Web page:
From what I've seen of cases where a forensic drawing was done and later they found the real person, even the best forensic portraits tend to be a bit like caricatures in the sense that they may be close enough to set off a light bulb in the minds of people who know the real person, but if you do a side-by-side comparison they only look similar in fairly broad terms.
Here is a Jane Austen portrait dated to around 1815 that some experts believe was done from life, while others believe was a type of "imaginary portrait". If the former is true, you can see it does look broadly similar to the forensic reconstruction in the article, but still she looks like a fairly different person; and if the latter is true, I imagine it was still probably researched by the artist (the nose is very similar to the forensic reconstruction, even though neither looks that similar to the nose in the sketch by Austen's sister), so it may be no less plausible as a speculation about what she looked like.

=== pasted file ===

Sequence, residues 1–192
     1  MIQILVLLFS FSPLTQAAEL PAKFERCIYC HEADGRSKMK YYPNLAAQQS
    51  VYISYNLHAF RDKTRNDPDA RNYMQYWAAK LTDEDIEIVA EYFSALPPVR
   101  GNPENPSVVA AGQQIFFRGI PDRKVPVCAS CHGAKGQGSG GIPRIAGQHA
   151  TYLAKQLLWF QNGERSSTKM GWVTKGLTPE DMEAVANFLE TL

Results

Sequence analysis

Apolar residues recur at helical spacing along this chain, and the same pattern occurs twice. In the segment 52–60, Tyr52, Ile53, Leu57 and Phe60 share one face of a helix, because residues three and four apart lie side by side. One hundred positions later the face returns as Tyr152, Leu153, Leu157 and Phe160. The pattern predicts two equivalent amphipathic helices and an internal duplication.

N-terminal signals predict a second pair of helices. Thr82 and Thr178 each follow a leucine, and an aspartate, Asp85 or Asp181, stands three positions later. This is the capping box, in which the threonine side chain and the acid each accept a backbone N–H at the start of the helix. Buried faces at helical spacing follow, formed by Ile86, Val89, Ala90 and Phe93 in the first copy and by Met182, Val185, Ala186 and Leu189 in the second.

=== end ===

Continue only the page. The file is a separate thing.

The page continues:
I have it from a reliable source she looked like this:
How soon we forget.
I think its a good likeness, but I'm dubious about the forensic reconstruction of hair and eye color.
How many years need to pass before it's appropriate to exhume a skeleton in order to satisfy our curiosity about what an individual looked like?
200 years is obviously not long enough (especially when someone's buried in a cathedral dedicated to a still-extant religion). 500 years might be do-able (if you're buried in a car park at least) but still a stretch if you're in currently-consecrated ground? If 2000 years had passed she might merit a Time Team episode?
when the lease on the gravesite is up.
I know what she looks like. I have the Action Figure. Your argument is irrelevant!
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